Motherhood & ADHD

People love the Mental Load Cartoon by Emma. It demonstrates how women are managing so many of the day-to-day ‘small’ tasks that often go unnoticed. These tasks can be making sure there is enough food, having enough clothes, researching which daycares are best etc.

‘Small’ tasks add up quickly. For moms who feel they have to do everything, and who take on the burden of care for baby and partner unconsciously, it’s one of the reasons why they become overwhelmed as a parent. This fact is hard to navigate for any mom, but to the ADHD mom brain, it can feel impossible. Why? ADHD brains ‘turn off’ (decrease in brain activity) when it comes to mundane activities. This makes it extremely challenging for many ADHD parents to handle the particular demands of child-rearing with ease, especially if they have not developed systems they need to help their brain complete these types of tasks.


Here are some common struggles I see with ADHD moms:

  • Feeling overwhelmed with organizing all the baby items

  • Feeling frustrated and self-critical when they can’t find things the baby needs (like a thermometer, etc.)

  • Not able to keep up with the extra laundry, dishes, and cleaning

  • Missing the energy and excitement that they used to experience when their brain was ‘turned on’

  • Struggling to maintain schedules for the kids

  • Feeling incompetent when forgetting to schedule or keep appointments, like doctor checkups

  • Struggling to self-regulate when their kid is pushing limits

On top of the largely unacknowledged mental load that is generally demanded of women in this country, society sends the message to women that they need to love being a parent and naturally excel at it, or there is something wrong with them (not the system). Hence, the ADHD brain may absorb these unrealistic messages and fall into a vicious cycle of self-criticism and feeling like a ‘bad’ mom. The truth is that many parents are not even diagnosed with ADHD until their kid receives a diagnosis—so it can take years of trying (and failing) to do what works for neurotypical brains, before getting the help they need to start enjoying parenthood.


Once you’ve been diagnosed with ADHD, there are tips and tricks to help you feel successful:

  • Talk to your psychiatrist/doctor about medication

  • Work with a therapist that specializes in adult ADHD to help build executive function and learn skills that will make the mundane tasks of parenting work for your brain

  • Talk to your partner about the mental load and hand off tasks that are more challenging for you (like buying clothes, picking up the kids from school, etc.)

  • Check out the resources for ADHD on my website

  • Learn to focus on what your brain does best! ADHD brains have a lot of strengths that can be challenging for the neurotypical brain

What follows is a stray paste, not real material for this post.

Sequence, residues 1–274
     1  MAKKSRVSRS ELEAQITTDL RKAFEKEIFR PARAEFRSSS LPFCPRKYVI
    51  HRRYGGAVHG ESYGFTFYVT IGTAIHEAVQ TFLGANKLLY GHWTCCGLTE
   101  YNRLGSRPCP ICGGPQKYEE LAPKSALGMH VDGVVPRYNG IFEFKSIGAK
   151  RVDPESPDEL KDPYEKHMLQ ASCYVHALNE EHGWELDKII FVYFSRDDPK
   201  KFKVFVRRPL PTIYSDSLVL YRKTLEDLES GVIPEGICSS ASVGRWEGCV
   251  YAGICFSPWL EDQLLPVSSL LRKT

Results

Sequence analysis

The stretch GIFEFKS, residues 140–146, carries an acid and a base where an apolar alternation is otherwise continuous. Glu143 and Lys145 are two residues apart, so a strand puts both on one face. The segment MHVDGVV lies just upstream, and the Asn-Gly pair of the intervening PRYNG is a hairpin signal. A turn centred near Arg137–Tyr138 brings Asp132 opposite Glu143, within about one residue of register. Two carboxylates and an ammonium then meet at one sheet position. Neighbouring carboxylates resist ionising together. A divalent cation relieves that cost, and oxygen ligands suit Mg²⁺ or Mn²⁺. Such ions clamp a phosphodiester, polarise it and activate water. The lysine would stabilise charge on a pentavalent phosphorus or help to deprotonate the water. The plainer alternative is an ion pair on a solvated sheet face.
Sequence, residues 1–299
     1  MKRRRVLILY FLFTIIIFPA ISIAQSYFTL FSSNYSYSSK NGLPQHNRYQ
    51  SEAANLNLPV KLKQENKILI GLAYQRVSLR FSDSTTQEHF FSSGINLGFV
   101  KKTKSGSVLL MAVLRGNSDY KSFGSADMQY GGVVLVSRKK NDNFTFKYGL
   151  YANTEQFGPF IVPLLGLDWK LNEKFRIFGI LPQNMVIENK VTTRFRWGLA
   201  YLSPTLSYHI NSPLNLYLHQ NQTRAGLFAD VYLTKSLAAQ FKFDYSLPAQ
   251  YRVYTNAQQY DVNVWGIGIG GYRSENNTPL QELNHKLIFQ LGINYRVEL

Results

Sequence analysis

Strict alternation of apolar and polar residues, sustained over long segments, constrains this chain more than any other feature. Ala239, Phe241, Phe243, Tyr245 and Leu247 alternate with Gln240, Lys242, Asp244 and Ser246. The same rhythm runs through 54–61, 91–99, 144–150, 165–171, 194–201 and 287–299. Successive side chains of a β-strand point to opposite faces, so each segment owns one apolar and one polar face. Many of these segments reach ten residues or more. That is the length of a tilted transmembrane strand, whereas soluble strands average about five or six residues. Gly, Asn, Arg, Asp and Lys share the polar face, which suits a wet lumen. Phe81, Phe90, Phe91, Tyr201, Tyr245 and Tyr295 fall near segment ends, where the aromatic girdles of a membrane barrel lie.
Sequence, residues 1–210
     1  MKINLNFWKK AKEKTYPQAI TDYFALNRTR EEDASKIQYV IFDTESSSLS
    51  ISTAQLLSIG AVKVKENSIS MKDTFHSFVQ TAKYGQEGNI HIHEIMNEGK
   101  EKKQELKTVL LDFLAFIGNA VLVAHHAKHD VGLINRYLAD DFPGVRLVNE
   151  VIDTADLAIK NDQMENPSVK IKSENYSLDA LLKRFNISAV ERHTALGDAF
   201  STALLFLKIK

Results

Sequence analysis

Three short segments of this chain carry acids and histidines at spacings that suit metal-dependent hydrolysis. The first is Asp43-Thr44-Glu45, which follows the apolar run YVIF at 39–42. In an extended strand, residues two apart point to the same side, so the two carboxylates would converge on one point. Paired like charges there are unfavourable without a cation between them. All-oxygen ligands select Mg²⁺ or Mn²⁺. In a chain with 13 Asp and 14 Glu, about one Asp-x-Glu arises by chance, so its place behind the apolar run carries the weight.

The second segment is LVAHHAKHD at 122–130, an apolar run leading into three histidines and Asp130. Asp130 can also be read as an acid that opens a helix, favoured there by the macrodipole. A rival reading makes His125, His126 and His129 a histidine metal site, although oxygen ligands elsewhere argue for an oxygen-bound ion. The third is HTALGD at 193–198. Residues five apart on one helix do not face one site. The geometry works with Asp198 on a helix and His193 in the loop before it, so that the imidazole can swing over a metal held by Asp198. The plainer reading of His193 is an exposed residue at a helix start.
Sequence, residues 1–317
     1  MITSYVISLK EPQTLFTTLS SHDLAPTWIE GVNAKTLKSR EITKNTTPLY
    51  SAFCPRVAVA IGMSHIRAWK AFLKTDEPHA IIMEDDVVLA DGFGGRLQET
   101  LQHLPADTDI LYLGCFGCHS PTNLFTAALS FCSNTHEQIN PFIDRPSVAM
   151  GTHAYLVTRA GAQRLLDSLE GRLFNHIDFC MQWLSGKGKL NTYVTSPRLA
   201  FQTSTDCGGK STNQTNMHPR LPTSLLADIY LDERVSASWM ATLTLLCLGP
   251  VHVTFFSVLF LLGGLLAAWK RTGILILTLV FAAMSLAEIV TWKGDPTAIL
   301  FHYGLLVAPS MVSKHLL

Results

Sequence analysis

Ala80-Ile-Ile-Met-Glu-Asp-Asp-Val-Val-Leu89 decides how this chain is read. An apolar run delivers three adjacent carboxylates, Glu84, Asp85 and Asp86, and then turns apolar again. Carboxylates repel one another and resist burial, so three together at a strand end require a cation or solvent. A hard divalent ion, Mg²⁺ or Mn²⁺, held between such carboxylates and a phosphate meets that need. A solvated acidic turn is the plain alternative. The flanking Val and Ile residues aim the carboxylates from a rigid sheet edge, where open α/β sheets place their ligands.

Not even Wonder Woman can do it all. Ask for help when you need it. We’re all responsible for raising the next generation together.

Marie Kondo for ADHD


As the Marie Kondo craze sweeps the nation, a group of my favorite brains, ADHD brains, may once again receive messages that cleaning is simple. While the KonMari method appeals to many, this message may cause those with ADHD to feel like failures when they can’t effectively tidy up like on the popular Netflix show. There is hope for these ADHD brains. Here are some ways to adapt the KonMari method so it works for them.

People with ADHD normally need a different organizational style that works for THEIR brains. Small, mundane tasks actually decrease brain activity in the ADHD brain, making it extremely difficult for them to put things back where they belong. Their brains often need to actually see things in order to remember their to-do lists or know where things are.

Therefore, an ADHD brain may be more comfortable with lots of stuff lying around or piled up in a corner or on a desk. However, sometimes they need to tidy up,  either for hosting guests, or if their mess stresses out their partner or roommate.

Let me break down the ways I’ve witnessed ADHD brains try to force their brain to keep things tidy:

  • Crisis—They make doing the dishes a catastrophic event that induces anxiety in themselves and others. (Ex. if I leave this dish out my house will be infested with cockroaches and my partner will leave me!)

  • Big Projects—They begin to “organize” one room and make a complete mess. They then lose interest and leave the space worse off than before.  

  • Disaster Zone—They wait until the place is an absolute disaster AND a real crisis before they start picking up.

Because of these common ADHD cleaning styles, Marie Kondo’s method has the potential to help the ADHD brain, because having fewer items is helpful in general. However, the KonMari method requires some tweaking to work for the ADHD brain.  This is important to know if someone with ADHD is trying to implement the KonMari method.

  • ADHD brains will love the big project idea. However, without a coach or a T.V. show to motivate them to put everything away when they have purged the unwanted items, an ADHD brain may dump all their clothes on the dining room table and leave them there for months.  Ask a friend or hire an organizer to help with the last part. Setting a deadline can also be helpful.

  • ADHD brains do better with less stuff, but tend to struggle to find a good home when attempting to organize their stuff. Using a professional organizer who specializes in ADHD brains can help ADHD brains organize their homes in ways they can remember.

  • Marie Kondo’s sock drawers are beautiful, but folding and storing clothes that way is setting up an ADHD brain for failure. ADHD brains tend to work better with a “dump and search” method of  organizing. Try a sock box or basket instead.

Want more?  Keep an eye on my ADHD Corner for more tips for the ADHD brain.